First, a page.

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Naming emotions

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Naming emotions

What to do with this activity?

Knowing the right words to express feelings and emotions is very important for your child. It can reduce frustration and misunderstanding on all sides.

Give them the words to tell you how they are feeling through every day conversations. For instance, "You are always happy to see your little sister aren't you?". "Are you excited about going swimming tomorrow?". Encourage them to tell you how they are feeling. Help them to think why they feel the way they feel. 

Here are some words that might express how your child is feeling: sad, happy, shy, worried, cross, afraid, frustrated, silly, giggly, scared, excited, grumpy, lonely, sleepy.

If you would like to read more about helping with the emotional development of your child click here for some good tips from TUSLA, Ireland's Child and Family Agency.

Stories are a great way to understand and learn the words for emotions, and to learn to recognise and name emotions in others. That will help your child with relationships.

Here is a Thomas the Tank engine game about naming emotions - read the words with your child and match the faces together.   

  • Why am I doing this?

    Reading aloud combines the benefits of talking, listening and storytelling within a single activity and helps to build the foundation for language development. From stories your child learns many things such as how to listen and concentrate, new words and understand why things happen. They also learn to put ideas in order, develop their memory skills, notice how spoken words relate to words on the page and learn how to predict. Reading gives your child a chance to develop their own opinions, build visual skills and learn how to handle books.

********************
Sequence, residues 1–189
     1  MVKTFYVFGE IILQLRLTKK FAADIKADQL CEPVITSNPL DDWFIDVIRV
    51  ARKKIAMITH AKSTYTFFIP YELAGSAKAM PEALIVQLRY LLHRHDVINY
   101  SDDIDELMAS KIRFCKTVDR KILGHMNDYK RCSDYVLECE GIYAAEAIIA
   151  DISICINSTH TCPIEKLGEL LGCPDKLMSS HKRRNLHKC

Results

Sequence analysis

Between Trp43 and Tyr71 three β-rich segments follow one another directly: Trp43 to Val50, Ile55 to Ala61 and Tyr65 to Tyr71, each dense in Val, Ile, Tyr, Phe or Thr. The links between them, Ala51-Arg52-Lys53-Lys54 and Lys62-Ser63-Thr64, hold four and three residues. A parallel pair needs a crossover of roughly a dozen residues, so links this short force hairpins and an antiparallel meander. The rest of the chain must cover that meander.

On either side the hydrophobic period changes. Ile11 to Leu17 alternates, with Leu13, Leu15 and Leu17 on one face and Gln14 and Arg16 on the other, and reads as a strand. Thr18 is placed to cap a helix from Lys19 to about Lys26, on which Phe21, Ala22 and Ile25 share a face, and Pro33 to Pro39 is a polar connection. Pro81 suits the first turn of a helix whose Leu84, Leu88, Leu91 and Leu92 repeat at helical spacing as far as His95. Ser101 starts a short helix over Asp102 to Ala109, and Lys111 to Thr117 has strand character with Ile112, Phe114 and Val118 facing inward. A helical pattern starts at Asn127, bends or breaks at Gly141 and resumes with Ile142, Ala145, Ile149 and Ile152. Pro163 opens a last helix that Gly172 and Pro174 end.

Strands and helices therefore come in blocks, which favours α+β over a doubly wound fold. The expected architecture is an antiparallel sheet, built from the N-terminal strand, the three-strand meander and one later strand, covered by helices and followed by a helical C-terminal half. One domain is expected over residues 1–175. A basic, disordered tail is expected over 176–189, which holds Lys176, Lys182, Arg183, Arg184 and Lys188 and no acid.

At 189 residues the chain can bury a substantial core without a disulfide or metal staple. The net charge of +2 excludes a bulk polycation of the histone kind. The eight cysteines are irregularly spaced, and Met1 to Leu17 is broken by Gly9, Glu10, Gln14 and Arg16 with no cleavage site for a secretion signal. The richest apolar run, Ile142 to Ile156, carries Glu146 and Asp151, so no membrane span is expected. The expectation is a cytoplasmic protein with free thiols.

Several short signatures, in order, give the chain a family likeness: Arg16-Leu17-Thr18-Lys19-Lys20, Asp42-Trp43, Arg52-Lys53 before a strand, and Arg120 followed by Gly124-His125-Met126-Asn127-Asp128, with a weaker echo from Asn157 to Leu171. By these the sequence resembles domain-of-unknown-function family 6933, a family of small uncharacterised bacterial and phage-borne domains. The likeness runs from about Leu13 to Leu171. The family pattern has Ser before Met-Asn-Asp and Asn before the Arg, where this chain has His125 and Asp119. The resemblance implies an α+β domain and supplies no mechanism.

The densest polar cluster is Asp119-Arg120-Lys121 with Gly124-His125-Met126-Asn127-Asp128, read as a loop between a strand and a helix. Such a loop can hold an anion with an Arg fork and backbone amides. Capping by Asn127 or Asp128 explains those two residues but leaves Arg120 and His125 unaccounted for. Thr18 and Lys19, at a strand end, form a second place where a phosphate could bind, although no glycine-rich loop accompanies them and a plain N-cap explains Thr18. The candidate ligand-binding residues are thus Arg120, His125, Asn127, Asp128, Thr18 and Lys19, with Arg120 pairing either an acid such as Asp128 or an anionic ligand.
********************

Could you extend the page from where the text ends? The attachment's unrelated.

• How can I do more?

    If you can spare 10 minutes a day to read with your child you can make a huge difference to their development. You don’t have to read a book, you could read a comic, magazine article or a story you have made up yourself. The most important thing is that you enjoy it, that way your child will too.

    Remember a good storybook is one that you the reader and your child find interesting. It might be funny or entertaining. Ask yourself whether your child would enjoy it and be able to listen to it. Are the pictures well drawn? Is it well written? Do you like it? You may be the one reading it, over and over, and over!

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